Recently I tried out a promotional demo for a new kickstart by the name of Nin. Nin calls back to the Playstation 2 era of 3D adventure platformers and looks to bring that form of gameplay to a new generation. With Resident Evil style static camera angles and cinematic platforming not unlike Prince of Persia, it looks like developer Vagabond Games is well on their way to doing just that.
I was lucky enough to get in contact with Vagabond and ask them about these inspirations. When asked about why these games specifically, they had this to say:
> “We grew up playing Prince of Persia and Resident Evil, both of which cater to a mature audience. They left quite a lasting impression on us because of their difficulty and brutal themes. Now we are trying to recreate those experiences, but it in a way where it’s more suitable for everyone to play (i.e. not just for a mature audience).”
As someone who was too young to play those types of games when they released, I find it admirable that Vagabond is trying to bring us that style of gameplay in a family friendly way.
The promotional demo took me around ten minutes to complete - it is fairly short as most of the game is still being developed - however, I can safely say that it did its job of making me want more.
It starts you off with a very simple objective: get Nin ready for the day. Though this isn’t a normal morning routine, Nin is a plush toy. Items that we use in our everyday life are massive to him. He lives in a cardboard box, he uses a cork as a stool, and the pencil he uses to write down his to-do list is twice his size. Also, it’s dark in his box, so before I can do anything I have to turn all of the lights on.
This simple task is made exciting due to the fact that everything is huge compared to our plush friend. I was forced to re-frame how I see the world and think about it from the perspective of someone small.
Armed with a jump button and my knowledge of these objects, I slowly but surely found each item required to light up the box. Each light I plugged in added a new sound layer to the catchy backtrack - a fulfilling touch that I hope to see carry on into the full version.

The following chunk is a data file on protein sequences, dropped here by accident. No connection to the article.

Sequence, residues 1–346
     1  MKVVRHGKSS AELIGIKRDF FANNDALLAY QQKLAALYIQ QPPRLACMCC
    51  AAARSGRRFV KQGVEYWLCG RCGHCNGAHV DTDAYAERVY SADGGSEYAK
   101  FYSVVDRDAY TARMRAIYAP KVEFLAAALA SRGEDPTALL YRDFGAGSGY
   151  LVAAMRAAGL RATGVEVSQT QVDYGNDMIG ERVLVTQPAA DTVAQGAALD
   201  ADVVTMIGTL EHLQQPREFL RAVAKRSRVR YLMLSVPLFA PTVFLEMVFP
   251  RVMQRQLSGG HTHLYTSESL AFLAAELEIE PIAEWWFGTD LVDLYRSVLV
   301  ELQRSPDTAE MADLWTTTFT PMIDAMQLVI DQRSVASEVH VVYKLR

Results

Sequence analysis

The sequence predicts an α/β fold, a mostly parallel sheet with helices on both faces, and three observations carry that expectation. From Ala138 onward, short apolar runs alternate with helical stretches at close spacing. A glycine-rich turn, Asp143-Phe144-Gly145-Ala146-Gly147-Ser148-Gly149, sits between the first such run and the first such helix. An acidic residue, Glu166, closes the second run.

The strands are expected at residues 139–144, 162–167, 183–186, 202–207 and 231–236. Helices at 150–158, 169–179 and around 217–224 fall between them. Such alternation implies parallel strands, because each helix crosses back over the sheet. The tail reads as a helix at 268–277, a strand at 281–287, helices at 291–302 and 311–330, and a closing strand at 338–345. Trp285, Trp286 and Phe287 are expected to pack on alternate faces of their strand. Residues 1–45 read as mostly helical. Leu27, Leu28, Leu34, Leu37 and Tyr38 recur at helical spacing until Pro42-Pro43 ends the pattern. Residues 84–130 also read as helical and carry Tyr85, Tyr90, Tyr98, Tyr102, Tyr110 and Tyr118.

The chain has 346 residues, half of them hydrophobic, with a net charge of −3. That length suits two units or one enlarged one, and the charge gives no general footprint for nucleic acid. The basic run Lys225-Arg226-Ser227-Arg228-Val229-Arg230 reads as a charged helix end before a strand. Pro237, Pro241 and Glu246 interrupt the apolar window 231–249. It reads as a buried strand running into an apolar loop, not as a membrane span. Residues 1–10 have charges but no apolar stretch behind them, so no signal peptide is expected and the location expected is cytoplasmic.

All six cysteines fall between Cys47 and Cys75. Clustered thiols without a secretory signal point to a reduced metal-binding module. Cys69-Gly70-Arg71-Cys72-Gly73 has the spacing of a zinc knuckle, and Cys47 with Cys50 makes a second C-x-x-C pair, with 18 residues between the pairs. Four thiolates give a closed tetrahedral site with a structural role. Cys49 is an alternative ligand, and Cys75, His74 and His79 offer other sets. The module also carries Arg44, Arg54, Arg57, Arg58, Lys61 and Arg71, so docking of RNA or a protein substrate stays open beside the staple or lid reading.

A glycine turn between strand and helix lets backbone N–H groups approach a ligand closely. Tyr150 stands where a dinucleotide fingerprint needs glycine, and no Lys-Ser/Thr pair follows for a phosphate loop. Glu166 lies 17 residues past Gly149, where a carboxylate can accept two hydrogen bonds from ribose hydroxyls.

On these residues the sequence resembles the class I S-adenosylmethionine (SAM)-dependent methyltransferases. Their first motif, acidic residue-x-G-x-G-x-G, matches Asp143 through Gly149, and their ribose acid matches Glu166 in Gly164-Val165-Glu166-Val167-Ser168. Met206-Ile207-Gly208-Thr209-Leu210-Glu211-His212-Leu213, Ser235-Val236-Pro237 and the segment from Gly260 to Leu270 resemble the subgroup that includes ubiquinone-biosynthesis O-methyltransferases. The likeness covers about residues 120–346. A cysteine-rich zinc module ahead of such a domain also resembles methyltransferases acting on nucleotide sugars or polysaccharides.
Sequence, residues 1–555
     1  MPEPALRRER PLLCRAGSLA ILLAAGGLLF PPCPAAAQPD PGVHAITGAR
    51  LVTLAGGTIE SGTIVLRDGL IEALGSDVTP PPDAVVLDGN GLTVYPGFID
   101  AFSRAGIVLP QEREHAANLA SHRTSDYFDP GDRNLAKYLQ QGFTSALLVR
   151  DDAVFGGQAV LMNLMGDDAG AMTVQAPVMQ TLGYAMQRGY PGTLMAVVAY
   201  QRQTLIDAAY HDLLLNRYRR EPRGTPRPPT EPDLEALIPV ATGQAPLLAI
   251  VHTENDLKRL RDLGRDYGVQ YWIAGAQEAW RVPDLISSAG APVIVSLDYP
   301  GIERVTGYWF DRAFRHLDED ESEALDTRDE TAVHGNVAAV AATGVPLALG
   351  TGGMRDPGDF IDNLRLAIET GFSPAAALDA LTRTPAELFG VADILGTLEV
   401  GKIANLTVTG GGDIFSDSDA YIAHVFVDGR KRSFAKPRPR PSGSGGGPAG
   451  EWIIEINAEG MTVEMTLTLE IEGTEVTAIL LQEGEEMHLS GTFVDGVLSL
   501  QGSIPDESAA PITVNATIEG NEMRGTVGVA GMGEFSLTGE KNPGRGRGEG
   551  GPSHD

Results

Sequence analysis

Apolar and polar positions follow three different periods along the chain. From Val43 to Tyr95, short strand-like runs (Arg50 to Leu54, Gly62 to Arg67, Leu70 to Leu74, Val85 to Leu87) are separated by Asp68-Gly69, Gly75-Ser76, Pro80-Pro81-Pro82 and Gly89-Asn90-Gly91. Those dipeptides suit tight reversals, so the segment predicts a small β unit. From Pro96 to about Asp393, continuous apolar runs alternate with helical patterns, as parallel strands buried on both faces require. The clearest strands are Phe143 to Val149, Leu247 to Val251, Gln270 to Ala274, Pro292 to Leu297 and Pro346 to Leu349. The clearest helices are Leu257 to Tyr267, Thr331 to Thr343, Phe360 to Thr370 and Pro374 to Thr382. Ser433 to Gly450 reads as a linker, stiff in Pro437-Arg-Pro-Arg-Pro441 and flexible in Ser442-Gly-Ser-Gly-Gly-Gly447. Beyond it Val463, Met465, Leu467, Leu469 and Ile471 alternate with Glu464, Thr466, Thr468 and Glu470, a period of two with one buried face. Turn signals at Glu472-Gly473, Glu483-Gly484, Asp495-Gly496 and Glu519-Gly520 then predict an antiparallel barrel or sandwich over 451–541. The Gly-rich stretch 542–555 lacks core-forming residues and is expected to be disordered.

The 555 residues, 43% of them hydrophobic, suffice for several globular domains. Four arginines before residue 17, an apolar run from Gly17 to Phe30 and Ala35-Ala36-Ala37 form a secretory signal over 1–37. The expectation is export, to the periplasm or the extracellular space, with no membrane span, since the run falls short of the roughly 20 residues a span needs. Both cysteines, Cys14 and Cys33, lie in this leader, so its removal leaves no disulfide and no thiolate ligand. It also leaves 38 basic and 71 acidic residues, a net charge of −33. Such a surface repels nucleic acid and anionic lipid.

Lighting up the box lead to some interesting discoveries about Nin’s life as well as some ideas about future game mechanics. Like real plush dolls, Nin can get damaged and must be stitched up to prevent falling apart.
He has a workbench in order to create tools, hinting at some sort of crafting system. Though no tools were available in the demo, the Kickstarter page shows off a grappling hook made out of a jack and a spool of thread for example.
Once I explored most of the box and checked off the tasks on Nin’s to-do list, I was ready to venture outside and explore the world. It was here that the demo ended, but I was given a small glimpse at what was to come.
Like the games that inspired its ideas, the aesthetic of Nin comes from the 90’s and early 2000’s. Knock-offs of the brands from the period absolutely litter the area outside Nin’s box. A “Busterwolf Video” case is propped up against the wall in a very recognizable font style. Nin’s home is built out of “Reboot” and “Inverse” shoe boxes. A pile of “Spinechills” lies behind them, and that pagoda is most definitely made out of Lincoln Logs.
Vagabond wants players to feel like they are in the age of the games Nin is replicating, and I give them props for putting so much heart into their creation.
> “In our opinion, the 90’s were the golden age of game development. Several games from that era were such a phenomenal hit that even today are spawning sequels (e.g. Resident Evil). We are also fans of 90’s pop culture and nostalgia, so much that we wanted to create a game that paid homage to that time.”
The final version is bound to have more of these references and it seems like trying to find them all will become a game in and of itself.
The demo didn’t have much to say in regards to the story, so naturally, I was curious to see if there were plans to implement one.
When asked if the game will be story heavy or focus more on the player creating their own experience, Vagabond gave me an answer I was happy to see:
> “The main gameplay is indeed story-driven, but there will be times when players can stop and smell the roses. For example, you might encounter a walkman during exploration. You can try to get it working so that it plays a 90’s tune in the background, or continue the game in silence.”
I had already experienced a few of these optional moments in the demo. When exploring the area around the lamp, there is a photograph the player can admire, prompting a haiku to appear for us to read. In that same area, there is a bean bag chair Nin can sit in and just relax.
My overall opinions of Nin are very positive, and Vagabond seems to have a very clear vision of what they want to accomplish here. I wish them the best of luck in development, and I look forward to seeing more of Nin and his world.
Nin is coming to Windows, Mac, and Linux via Steam Greenlight, and also plans on distributing through Humble Store and GOG.com.
By Max Moeller